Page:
Larry Drew wants Hawks running in motion offense

Larry Drew wants the Atlanta Hawks to pick up the pace this

season and run even in their half-court attack.

Drew, the first-year head coach, drove the point home on the

first day of training camp last week. He took the team to the

Georgia Tech track for timed mile runs.

It was clear from the start this would be a different training

camp for the Hawks.

”We had never done that before,” said center Zaza Pachulia,

who is entering his sixth season in Atlanta, after Wednesday’s

practice. ”It was something different that set the tone from the

beginning.”

The conditioning test was no surprise. Drew warned the players

about a month before training camp, and they were ready for the

challenge.

Every player met Drew’s standard of under 7 minutes.

Joe Johnson had the team’s fastest time at 5 minutes, 30

seconds. Another guard, Jeff Teague, was second at 6 minutes. The

surprise was the 6-foot-11, 275-pound Pachulia finishing third at

6:07.

The run provided statistical evidence the Hawks can run,

including such big men as Pachulia, Al Horford and Josh Smith.

Drew is installing a motion offense to take advantage of the

athleticism.

”I see a lot of positives coming out thus far of the work we’ve

put in, and I’m starting to see the guys catch on,” Drew said this

week.

Drew, 52, has been an NBA assistant coach for 18 years,

including the last six as former coach Mike Woodson’s top

assistant. He played 11 seasons with the Pistons, Kings, Clippers

and Lakers.

This is Drew’s long-awaited chance to direct a team, and it’s

clear his vision for the Hawks includes much running.

It’s not as if the Hawks never ran under Woodson.

Atlanta ranked fourth in the league with 16.2 fast-break points

per game last season, according to STATS, Inc. The problem was the

Hawks sometimes slowed to a crawl in their half-court offense. That

trend was painfully evident when they were swept by Orlando in the

Eastern Conference semifinals.

There was widespread criticism that too many Atlanta players

stood around, waiting for Johnson to create a scoring opportunity

for himself.

Drew wants his team to be on the move in its half-court attack

as well as on the break. He says the motion attack will create

scoring opportunities for more players while also helping

Johnson.

”I’m starting to see Joe start to find his way to where his

scoring opportunities are,” Drew said. ”And out of this offense,

it allows him to be himself but at the same time it puts other

people to where they can be successful.

”I’m starting to see a trust factor take place among the group

where they know where everyone is and everybody is in a position

where it all best suits them.”

Practice ends each day with a conditioning drill Drew said he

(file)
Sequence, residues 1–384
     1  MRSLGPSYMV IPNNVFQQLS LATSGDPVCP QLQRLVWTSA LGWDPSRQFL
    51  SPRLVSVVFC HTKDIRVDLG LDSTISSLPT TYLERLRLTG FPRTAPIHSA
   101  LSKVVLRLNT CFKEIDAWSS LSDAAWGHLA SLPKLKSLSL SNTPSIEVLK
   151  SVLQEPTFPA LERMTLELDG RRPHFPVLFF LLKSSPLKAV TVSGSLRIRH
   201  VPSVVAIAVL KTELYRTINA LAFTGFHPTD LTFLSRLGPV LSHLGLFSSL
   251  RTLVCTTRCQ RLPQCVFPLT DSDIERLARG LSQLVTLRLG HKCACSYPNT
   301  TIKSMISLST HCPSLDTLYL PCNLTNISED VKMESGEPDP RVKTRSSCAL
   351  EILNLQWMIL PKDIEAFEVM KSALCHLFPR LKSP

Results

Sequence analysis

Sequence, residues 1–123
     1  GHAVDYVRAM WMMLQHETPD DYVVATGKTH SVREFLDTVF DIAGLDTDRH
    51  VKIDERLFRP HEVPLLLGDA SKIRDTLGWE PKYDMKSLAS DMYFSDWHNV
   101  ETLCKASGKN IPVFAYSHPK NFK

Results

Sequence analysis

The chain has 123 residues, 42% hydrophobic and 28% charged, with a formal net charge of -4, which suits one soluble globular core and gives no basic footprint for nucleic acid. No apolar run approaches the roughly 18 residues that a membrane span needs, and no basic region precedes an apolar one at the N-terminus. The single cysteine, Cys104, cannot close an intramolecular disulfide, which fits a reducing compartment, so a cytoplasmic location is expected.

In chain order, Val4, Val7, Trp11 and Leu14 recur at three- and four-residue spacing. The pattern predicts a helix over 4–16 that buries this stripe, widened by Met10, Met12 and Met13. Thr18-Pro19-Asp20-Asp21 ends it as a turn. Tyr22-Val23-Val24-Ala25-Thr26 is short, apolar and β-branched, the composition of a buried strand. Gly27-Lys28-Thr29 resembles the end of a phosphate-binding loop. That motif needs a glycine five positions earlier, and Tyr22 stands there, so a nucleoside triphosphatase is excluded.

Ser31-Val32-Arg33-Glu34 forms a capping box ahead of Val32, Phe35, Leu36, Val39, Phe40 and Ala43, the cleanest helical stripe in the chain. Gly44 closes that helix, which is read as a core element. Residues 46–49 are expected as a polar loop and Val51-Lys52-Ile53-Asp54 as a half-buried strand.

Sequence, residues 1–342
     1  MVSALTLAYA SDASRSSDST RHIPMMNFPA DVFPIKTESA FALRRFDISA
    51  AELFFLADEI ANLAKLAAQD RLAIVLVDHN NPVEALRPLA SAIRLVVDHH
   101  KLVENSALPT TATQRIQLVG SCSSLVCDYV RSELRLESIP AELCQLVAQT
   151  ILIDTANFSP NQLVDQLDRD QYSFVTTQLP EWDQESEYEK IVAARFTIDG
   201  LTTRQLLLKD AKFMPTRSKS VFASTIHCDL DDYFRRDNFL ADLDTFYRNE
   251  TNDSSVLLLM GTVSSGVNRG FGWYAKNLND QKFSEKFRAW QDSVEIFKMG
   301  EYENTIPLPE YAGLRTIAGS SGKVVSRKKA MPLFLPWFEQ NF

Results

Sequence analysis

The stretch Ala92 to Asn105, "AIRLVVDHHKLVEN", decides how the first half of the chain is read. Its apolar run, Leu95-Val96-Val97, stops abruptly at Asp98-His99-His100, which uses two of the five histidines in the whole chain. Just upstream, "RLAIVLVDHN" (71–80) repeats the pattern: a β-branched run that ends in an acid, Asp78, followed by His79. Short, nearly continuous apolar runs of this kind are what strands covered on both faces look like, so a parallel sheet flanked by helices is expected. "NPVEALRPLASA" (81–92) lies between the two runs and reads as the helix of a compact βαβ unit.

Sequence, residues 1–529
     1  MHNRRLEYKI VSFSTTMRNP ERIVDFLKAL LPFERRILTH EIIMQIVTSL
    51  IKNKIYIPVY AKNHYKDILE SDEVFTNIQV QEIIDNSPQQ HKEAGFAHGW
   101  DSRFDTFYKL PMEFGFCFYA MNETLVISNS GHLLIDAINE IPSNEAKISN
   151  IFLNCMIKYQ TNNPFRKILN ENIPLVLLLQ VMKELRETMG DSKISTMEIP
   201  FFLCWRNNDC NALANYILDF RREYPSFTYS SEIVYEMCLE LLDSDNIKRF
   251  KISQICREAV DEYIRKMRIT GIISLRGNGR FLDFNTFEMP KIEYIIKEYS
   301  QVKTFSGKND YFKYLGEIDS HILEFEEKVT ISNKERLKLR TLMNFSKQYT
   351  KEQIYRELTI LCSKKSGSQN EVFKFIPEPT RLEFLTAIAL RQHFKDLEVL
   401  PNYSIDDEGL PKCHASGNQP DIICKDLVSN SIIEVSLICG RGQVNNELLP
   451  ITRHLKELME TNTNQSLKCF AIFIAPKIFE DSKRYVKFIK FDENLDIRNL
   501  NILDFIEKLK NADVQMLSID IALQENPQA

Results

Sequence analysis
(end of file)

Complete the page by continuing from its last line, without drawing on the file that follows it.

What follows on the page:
learned with the Lakers. Three players run with one ball up and

down the floor, using three passes one way and five passes on the

way back, with layups on each end.

Up and back. Over and over. There can be no turnovers, no drops,

no missed layups.

”Do it right and we do it once!” Smith reminded his teammates

at the end of Monday’s practice, repeating the mantra from

Drew.

Drew liked what he heard Smith and what he saw in the drill.

”There you go,” Drew said, referring to Smith’s challenge.

”They already know what type of pace that I’m looking for when

they do it.

”We do a good bit of running within our practice, and that’s

just a nice way to cap it off, just to finish off on a positive

note. That positive note is showing freshness at the end just as

they had freshness at the beginning. It forces them to focus moving

up and down the floor with the basketball.”

The Hawks play Memphis in their preseason opener on Thursday

night. Pachulia said he is eager to for a chance to see the offense

in a game.

”The ball will be swinging from side to side, bodies will be

moving around instead of the isolation offense that we were running

most of the time last year,” Pachulia said. ”It makes it fun.

”Offensively, we know we have very athletic guys. We know we

have players who can run the floor. That’s why most of the guys are

fit and it’s easier for most of the guys to fit into this kind of

motion offense.”

Added Pachulia: ”We need to get used to playing this way,

because this is our bread and butter.”

Note: The Hawks have exercised their option on guard Jeff Teague

for the 2011-12 season for about $1.58 million. Teague averaged 3.2

points and 1.7 assists as a rookie last season and is expected to

play a larger role and possibly start at point guard this

season.